A friendly gecko on a hot and long field day

MITZPE RAMON, ISRAEL — The Wooster Israel team worked hard today at the western end of the Makhtesh Ramon geological structure, about 20 km west of Mitzpe Ramon.  Yoav Avni of the Geological Survey led us on a very useful traverse of Coniacian through Campanian (Late Cretaceous) rocks in preparation for our measuring and sampling later this week.  Again, establishing boundaries first is the key to everything else we will do here.  It was a hot day, which is far from unexpected in the Negev Desert.

View east from the western end of Makhtesh Ramon. The dark areas in the left side of the image are exhumed Early Cretaceous lava flows. The triangular feature in the far center is the coagulated neck of a volcano which may have been a source for some of the flows.

Shade is precious here.  (Very precious.)  Since there are no trees we look for clefts in the rock for some respite from the sun.  Other animals, of course, crave the same protection, so we often first sweep out bat and rodent droppings and the like.  In one small cave today we met the gecko pictured above.  It was so delicately posed we just had to add him to the blog.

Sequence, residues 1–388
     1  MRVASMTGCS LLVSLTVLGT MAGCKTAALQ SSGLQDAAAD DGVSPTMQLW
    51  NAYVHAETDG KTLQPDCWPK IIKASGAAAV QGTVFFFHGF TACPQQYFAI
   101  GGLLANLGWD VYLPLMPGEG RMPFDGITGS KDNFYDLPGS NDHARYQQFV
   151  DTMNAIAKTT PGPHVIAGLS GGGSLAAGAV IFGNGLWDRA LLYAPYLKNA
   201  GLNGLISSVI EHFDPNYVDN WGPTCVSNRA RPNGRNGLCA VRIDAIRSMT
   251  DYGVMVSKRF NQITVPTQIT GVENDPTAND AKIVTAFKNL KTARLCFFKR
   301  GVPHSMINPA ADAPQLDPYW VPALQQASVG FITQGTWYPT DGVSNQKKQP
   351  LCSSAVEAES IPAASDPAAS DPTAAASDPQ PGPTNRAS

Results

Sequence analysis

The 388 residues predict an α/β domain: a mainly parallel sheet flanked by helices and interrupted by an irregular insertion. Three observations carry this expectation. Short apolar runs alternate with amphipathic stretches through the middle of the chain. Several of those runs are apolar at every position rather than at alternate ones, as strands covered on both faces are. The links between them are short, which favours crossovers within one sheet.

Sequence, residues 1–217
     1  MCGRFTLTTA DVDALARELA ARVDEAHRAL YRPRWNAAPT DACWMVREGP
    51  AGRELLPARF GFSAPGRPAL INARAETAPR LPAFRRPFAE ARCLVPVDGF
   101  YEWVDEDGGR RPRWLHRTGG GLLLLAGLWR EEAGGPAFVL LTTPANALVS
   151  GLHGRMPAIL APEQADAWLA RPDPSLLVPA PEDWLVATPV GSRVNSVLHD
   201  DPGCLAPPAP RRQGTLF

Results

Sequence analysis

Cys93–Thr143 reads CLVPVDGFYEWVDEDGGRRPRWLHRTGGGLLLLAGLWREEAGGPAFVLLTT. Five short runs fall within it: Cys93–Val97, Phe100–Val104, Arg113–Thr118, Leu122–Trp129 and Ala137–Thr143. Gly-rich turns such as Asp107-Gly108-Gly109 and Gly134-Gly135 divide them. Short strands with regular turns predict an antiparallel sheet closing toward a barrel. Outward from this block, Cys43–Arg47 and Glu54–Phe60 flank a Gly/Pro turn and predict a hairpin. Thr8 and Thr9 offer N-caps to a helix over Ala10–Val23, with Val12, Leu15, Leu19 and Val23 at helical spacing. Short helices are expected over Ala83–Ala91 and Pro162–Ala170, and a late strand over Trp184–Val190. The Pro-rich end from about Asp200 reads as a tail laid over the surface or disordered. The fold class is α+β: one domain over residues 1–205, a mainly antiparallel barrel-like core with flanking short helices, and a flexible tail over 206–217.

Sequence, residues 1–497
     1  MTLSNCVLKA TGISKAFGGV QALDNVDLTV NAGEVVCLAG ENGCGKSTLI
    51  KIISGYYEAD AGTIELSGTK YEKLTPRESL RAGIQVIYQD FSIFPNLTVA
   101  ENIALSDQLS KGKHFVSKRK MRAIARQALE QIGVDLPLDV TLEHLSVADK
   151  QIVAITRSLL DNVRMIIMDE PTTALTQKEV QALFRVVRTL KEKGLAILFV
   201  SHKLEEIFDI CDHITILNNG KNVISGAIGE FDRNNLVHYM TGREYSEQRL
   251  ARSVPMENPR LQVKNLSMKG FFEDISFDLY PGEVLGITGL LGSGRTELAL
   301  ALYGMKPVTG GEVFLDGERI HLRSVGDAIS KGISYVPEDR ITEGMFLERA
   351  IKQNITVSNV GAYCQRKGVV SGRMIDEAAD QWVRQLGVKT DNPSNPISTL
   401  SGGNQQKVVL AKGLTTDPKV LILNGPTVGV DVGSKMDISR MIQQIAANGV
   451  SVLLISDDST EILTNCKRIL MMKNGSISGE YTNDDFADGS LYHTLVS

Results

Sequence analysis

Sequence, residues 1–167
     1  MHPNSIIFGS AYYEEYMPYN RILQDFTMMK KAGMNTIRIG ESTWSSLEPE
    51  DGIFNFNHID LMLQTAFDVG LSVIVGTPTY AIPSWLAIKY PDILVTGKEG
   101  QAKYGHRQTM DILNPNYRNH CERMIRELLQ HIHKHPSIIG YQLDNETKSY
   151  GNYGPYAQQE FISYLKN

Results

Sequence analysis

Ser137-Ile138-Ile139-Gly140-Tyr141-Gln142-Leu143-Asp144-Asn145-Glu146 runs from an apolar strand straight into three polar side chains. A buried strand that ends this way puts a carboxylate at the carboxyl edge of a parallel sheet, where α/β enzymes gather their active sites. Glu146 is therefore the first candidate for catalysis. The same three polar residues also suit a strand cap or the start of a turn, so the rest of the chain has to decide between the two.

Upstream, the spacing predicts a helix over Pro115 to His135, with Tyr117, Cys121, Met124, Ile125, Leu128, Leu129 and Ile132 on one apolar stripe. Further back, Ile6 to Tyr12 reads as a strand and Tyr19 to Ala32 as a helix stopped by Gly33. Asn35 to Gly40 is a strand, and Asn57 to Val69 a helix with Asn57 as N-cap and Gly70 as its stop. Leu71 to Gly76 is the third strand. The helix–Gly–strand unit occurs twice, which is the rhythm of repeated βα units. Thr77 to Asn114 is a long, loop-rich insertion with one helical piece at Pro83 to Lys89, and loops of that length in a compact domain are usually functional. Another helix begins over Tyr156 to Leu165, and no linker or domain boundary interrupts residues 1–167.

About Mark Wilson

Mark Wilson is a Professor of Geology at The College of Wooster. He specializes in invertebrate paleontology, carbonate sedimentology, and stratigraphy. He also is an expert on pseudoscience, especially creationism.
This entry was posted in Uncategorized and tagged , . Bookmark the permalink.

3 Responses to A friendly gecko on a hot and long field day

  1. corinne landis says:

    Was he selling insurance?

  2. Mark Wilson says:

    Oh that’s funny!

  3. Pingback: Wooster Geologists » Blog Archive » A gecko’s end

Leave a Reply

Your email address will not be published. Required fields are marked *

This site uses Akismet to reduce spam. Learn how your comment data is processed.